The other MGS games have been linear stories. You do mission after mission, watch cutscenes, and put together the story in one cohesive movement like a movie. The Phantom Pain is totally open world. After the prologue to get a feel for the controls, you’re just plopped in the middle of Afghanistan and told to go. From there, you take on main story missions or any of the 150+ side missions when you feel like it, and you can complete them using a variety of tactics and methods.
The openness of this game is really stunning. When you deploy for a mission, you can choose to go in at nighttime or in the daylight, and you have to wear the appropriate camo for the time of day and the terrain of the mission area. You can go in guns blazing and arm yourself to the teeth like Rambo, or try to go in full stealth and tranq everybody or choke them out.
There is the “buddy system,” which allows you to bring a partner along for the ride. You can bring your dog, who marks off enemies and important details in the environment. You can bring Quiet, the sniper who can wipe out everybody for you. It is amazing how different your experience can be from another player’s just based on what time you start your mission, and the gear and buddy you choose to bring along. Or you can replay a mission with a totally different loadout for a new experience.
And the gameplay is unreal. It runs on the Fox Engine, an engine Konami may never be using again since they are parting ways with Kojima and his team, and now focusing on mobile games rather than console games. That is sad since game looks and feels amazing. It is easily the best looking PS4 game, and it plays so well. Batman: Arkham Knight looked wonderful, but it could feel clunky and you saw the occasional glitch. TPP is shocking since in all that time I pumped into the game, I never experienced any sort of glitches or had any issues with the visuals. It ran so well.
In TPP, you can hoof it, you can crawl around, you can ride a horse, you can ride around in tanks and jeeps, and all of it feels smooth. You can get in huge shootouts or stealthily maneuver your way through enemy territory, and it always feels natural and comfortable. And it always looks perfect. It is movie quality at all times.
One kind of weird, but still pretty awesome thing. Time is a loose concept when it comes to the licensed music in this game. Sure it is 1984, but you can hear the Cure’s “Friday I’m in Love” (1992) and Europe’s “Final Countdown” (1986). But you also get songs you would hear in that time time period, like A-ha’s “Take On Me,” Hall & Oates’ “Maneater,” and Billy Idol’s “Rebel Yell.” Needless to say, this is pretty much the greatest use of licensed music in any game ever.
There is an online component to the game that is totally optional. I love that decision since it would really kill the immersion in the single player experience if you kept getting sucked out to do things online. I can’t comment on it past that since I was locked into the story so I didn’t go online ever.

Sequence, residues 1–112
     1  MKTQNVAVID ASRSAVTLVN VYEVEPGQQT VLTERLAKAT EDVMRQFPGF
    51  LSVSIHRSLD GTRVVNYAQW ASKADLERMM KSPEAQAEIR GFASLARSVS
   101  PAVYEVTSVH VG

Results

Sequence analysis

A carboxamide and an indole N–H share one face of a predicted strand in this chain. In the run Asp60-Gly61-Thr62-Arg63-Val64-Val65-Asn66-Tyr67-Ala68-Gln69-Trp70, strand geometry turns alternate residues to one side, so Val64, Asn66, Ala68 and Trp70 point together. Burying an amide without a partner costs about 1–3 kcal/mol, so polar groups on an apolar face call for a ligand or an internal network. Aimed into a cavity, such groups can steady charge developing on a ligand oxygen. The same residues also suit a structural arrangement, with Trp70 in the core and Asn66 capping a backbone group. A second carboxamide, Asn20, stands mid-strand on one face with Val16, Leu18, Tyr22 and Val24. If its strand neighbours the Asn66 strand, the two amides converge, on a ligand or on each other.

My only real complaint about the game, aside from Quiet’s nakedness, is the mechanic of visiting your troops at Mother Base, your private army’s headquarters. Mother Base is a massive plant out near the Seychelles. In another amazing mechanic, you get to recruit troops and build more platforms for the base to increase your staff capacity, and ultimately reap rewards from it. Really cool stuff. The only problem is that you have to come back to visit the troops occasionally to keep morale up. As you build more platforms, it takes freaking forever. Like, seriously, it takes so long to visit all of the platforms and find some random soldiers to dap up. It does give you a good opportunity to listen to some of those cassettes, though!
Other than that, this is a phenomenal piece of art. It even includes the MGS staple of over-the-top dialogue, like Skull Face’s instantly classic screaming of “WHOOO?!” You build up a home base, you manage an army, you save child soldiers, you save animals, you kill Soviets, and its openness really gives you full control over how things play out. What more do you really need out of a game?
It is also worth noting that Hideo Kojima may be the world’s greatest David Bowie fan. Snake’s army is named Diamond Dogs, a nod to the Bowie album and song. The game takes place in 1984, a nod to the song from the Diamond Dogs album. It opens with Midge Ure’s cover of “The Man Who Sold the World.” This isn’t the first time Kojima has given a nod to Bowie, either. That says a lot about how awesome Kojima is.
When judging media, the best compliment you can give something is saying you will never experience anything like it again. There are so many common tropes in media and so many people have riffed on the same ideas, so when something can come along and still break the mold and leave you stunned, you know it is special. It is why people went insane for Mad Max: Fury Road.
Metal Gear Solid V is unlike any game I’ve played before, and I will never play anything like it again. The way it plays, the way the story moves, and the way it looks are just unbelievable and so unlike any other game. Now that I’m done with it, I find myself thinking about it even more than I did while I was playing it. That’s the sign of a game with a lasting impact, and a work of art that should really be appreciated.